How I Write - My Website Software

Thu, Nov 16, 2017

An email has come flooding in to request information about the website software I use. So then, technical minded readers and enthusiastic neophytes alike, let us take a journey into the web.

This is the second post in a series about how I do my writing. The first post introduced you to my writing software, Emacs. I mentioned that one of its benefits was that I was able to write everything in one place and then have it ‘publish’ to lots of different places with very little effort.

This website is one of those places. As you can imagine, it was important to my writing setup that I chose a website system that fit into this write-once-publish-everywhere philosophy. The software I use is called Hugo.

I should note that Hugo is by no means the only website software that would have worked with my writing setup. In fact, there are probably a very great number of systems that might have done just as well. However, I chose Hugo for some particular reasons which I will detail here. Additionally, I just happened to like the way that Hugo was designed and this is purely subjective on my part.

Before I tell you why I chose Hugo, let us take a look at how websites are made today. Simplifying things greatly, let us say that there are three ways to make a website:

  • Manual Static Creation
  • Dynamic Generation
  • Static Generation

Manual Static Creation

The simplest way to make a website (and the original way) is to create the website once in full, then upload it to a server somewhere. Each time a visitor comes to your website they will see the exact same thing, unless you go through the time-consuming process of updating the entire site and uploading it again.

The benefits of this system are that it is quite easy to make, doesn’t require databases or other fancy server features (which tend to cost more money), it’s usually quite secure, and it will load quickly for your visitors.

The downsides are that the websites are time-consuming to update and not very dynamic.

Dynamic Generation

These websites are more complicated to create and usually require some sort of database and language processor on the server (which often costs more money). However, these websites have the ability to update themselves based on content from other sources (such as other websites or the site’s visitors).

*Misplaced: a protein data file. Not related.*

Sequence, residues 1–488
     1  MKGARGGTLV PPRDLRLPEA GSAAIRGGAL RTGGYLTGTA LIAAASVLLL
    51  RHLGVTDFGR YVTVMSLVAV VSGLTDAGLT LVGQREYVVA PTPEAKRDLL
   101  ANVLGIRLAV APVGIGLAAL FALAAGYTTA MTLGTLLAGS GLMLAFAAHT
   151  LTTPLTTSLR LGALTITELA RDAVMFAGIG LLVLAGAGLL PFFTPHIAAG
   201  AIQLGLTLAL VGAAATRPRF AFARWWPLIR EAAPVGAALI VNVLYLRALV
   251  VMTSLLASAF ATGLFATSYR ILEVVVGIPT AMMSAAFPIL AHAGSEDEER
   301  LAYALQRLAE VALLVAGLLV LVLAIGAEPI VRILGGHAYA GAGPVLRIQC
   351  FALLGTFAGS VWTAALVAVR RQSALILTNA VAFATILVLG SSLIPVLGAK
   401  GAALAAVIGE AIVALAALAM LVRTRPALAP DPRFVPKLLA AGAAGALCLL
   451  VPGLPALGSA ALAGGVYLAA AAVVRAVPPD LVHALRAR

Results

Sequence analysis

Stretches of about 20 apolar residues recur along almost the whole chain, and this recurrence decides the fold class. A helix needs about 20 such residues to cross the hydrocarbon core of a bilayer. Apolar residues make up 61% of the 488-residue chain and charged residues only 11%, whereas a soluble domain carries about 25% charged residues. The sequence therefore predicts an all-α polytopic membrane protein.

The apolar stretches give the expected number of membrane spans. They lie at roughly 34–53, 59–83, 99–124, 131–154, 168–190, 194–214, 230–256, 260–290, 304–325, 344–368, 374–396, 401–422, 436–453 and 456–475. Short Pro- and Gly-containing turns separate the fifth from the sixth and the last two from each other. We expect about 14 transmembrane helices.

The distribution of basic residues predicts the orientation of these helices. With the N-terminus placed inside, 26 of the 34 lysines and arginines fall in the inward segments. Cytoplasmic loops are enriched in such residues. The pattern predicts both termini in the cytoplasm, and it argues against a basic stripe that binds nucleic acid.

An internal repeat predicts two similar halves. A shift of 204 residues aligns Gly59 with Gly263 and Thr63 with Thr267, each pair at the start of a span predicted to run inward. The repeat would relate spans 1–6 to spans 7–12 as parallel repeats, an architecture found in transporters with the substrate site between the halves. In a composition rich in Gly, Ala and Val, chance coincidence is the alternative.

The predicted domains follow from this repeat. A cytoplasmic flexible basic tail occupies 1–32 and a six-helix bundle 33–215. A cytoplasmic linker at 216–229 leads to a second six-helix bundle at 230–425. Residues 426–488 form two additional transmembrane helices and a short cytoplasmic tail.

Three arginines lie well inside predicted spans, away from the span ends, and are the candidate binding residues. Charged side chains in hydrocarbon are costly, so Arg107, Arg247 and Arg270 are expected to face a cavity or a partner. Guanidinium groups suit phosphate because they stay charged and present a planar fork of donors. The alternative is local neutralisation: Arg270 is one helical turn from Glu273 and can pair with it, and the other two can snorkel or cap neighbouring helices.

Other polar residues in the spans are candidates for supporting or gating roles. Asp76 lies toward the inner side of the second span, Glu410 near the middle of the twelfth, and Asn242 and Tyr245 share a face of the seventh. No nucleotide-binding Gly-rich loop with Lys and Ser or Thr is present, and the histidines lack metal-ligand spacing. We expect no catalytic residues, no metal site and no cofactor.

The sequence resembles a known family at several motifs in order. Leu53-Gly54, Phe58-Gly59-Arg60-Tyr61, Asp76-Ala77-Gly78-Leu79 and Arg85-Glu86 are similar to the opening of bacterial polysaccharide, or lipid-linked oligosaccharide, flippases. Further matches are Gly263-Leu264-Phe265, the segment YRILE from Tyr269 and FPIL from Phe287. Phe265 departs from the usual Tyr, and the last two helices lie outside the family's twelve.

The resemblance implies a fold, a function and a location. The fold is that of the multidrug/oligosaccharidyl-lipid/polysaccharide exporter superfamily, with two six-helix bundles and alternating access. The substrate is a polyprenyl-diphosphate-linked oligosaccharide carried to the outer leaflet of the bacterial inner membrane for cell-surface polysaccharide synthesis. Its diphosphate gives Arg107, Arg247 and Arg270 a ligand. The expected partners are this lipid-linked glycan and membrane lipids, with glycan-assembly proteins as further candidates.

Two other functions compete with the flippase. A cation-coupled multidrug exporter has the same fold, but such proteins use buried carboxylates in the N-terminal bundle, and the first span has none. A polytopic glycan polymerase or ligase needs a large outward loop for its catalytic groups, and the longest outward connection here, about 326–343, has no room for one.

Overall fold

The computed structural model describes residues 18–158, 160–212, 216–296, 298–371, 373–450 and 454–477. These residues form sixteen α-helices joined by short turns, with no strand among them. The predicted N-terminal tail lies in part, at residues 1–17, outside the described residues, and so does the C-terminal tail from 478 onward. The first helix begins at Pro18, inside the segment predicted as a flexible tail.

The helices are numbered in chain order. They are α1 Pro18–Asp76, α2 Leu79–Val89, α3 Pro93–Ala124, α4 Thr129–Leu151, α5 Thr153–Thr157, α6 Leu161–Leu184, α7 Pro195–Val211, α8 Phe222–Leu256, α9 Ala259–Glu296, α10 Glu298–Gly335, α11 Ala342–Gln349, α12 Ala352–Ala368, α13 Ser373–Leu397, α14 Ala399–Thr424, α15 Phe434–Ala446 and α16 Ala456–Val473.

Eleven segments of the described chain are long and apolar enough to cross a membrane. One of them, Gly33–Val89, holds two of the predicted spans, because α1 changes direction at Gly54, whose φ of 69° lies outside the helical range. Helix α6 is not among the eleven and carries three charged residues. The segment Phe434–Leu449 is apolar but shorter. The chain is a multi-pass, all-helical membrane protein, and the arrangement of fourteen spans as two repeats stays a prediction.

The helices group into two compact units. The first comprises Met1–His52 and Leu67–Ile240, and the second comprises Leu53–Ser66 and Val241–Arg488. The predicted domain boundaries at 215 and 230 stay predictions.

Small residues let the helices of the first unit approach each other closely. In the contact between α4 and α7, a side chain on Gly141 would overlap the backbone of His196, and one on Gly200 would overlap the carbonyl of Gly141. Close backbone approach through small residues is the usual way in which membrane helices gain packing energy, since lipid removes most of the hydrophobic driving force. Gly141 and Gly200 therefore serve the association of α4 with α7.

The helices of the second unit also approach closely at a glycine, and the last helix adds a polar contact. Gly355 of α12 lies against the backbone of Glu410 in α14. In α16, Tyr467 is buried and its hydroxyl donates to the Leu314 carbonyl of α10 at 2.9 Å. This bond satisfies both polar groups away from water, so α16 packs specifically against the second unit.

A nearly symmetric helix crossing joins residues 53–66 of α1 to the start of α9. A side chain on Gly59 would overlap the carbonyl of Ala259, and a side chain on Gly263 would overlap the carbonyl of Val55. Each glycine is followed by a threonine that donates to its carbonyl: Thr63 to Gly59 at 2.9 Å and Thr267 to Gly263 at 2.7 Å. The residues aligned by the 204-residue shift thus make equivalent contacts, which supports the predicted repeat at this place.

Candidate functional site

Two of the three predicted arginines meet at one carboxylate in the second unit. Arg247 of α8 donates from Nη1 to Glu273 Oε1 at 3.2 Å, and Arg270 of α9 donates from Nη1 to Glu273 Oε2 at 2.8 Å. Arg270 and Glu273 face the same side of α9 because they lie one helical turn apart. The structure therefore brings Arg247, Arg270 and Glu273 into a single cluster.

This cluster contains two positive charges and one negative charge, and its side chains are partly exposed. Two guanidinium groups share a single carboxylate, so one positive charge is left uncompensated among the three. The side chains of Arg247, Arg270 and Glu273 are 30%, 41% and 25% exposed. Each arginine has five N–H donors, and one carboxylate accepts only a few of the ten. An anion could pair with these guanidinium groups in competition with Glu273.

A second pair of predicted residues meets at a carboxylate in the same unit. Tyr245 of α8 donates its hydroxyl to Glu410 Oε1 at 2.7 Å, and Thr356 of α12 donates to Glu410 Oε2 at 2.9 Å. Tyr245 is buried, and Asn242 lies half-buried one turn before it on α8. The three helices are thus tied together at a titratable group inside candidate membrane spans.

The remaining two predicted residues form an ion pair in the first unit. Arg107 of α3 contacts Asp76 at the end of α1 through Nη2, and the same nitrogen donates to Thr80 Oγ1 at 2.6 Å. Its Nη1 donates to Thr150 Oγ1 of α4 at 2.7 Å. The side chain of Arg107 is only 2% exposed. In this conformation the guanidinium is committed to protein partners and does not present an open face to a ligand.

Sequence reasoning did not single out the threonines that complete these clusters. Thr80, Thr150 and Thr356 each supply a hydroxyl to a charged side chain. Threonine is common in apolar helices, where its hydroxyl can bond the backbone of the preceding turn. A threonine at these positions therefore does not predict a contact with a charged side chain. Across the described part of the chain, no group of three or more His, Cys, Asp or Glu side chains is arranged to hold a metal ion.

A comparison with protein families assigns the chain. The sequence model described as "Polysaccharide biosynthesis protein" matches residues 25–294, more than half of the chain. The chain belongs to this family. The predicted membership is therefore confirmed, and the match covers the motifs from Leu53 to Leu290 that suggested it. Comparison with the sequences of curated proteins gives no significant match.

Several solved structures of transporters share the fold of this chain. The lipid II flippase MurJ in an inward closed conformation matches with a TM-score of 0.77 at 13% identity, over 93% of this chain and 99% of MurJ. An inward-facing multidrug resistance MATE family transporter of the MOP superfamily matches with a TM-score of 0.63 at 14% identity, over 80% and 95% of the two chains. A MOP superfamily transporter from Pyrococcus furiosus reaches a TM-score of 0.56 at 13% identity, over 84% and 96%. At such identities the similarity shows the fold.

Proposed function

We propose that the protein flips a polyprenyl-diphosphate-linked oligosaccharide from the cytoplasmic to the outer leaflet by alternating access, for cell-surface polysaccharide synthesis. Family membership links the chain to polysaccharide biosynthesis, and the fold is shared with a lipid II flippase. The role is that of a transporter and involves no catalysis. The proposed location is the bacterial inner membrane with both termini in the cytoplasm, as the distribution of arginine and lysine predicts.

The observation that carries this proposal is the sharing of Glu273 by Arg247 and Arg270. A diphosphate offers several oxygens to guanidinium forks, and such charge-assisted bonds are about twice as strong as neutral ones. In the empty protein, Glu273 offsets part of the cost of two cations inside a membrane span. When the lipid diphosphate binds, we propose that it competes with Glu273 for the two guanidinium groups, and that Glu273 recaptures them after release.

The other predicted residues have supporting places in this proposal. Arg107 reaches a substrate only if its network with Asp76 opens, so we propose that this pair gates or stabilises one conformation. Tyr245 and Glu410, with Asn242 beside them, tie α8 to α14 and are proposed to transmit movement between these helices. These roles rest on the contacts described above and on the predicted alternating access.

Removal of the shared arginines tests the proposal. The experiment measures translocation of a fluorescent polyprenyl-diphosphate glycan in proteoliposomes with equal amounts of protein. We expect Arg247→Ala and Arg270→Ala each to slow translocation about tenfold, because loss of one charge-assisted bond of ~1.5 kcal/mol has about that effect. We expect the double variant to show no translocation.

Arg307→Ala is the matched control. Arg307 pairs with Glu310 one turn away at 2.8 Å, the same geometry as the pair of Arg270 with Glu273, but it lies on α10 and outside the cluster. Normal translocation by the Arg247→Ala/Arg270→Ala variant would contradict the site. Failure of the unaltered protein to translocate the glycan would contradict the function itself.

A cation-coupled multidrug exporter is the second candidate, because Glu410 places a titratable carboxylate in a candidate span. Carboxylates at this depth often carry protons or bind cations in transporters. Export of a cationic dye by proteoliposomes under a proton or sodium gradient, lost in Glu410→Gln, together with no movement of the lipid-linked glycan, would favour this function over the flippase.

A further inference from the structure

The benefits to this system are that it produces sites that are easier to update (you can add single items of content through the website itself without needing to update the whole site and upload it manually), it is more dynamic and allows content to be pulled in from its visitors and other sources, menus and links automatically update to display new content, and content can be customised for each visitor.

The downsides are that these websites are less secure (requiring you to frequently spend time updating the website software), if you use third party sources or visitor content then you must monitor what content appears on your site, they are generally quite complicated to set up, and they usually cost more to run due to the databases and other server features that they rely on. These sites also tend to load more slowly because they need to generate their content on the fly. Depending on how good your server is, this could make the site a lot less fun for your readers to use.

Static Generation

Between static creation and dynamic generation we have a middle ground. Statically generated websites are generated in one go before they are uploaded to a server. The idea here is to make the websites easier to update, but not require the databases and scripting languages of dynamic websites. Once the website is uploaded, it will appear the same for each visitor with no auto-generated or user generated content.

The benefits then are ease of updating, menu systems and other links being automatically created, no requirement for databases or fancy server features, generally very secure, and very fast to load.

The downsides are that the sites are less dynamic than fully dynamic generated sites, and it isn’t tailored to each visitor.

Hugo is in this last category. The reason I wanted a static generator solution is that this website only needs to be updated sporadically and I didn’t feel visitor personalisation or public comments would be useful in this case. I also wanted the ease of updating through my writing system and most static website generators deal better with this than the other two methods.

There are many static site generators around, and the reason I went for Hugo is that it seemed to work the way I would expect such a system to work. As such, the learning process was pretty easy for me. When I investigated other systems, they seemed much more complicated. Hugo is also very fast and just requires one program file to work.

For Hugo, all the files that tell the site how to look and what content to display are on my computer. I just run the Hugo program and it converts all those files into the website. After the site was initially set up, all you have to do is add content files and Hugo takes care of the rest.

I won’t go into any more detail about Hugo here as it is a complex topic but hopefully I have given you enough information to investigate it yourself if you’re interested.

Later articles may contain a more in depth tutorial of how Hugo works together with the rest of my writing setup.

Catch you next time.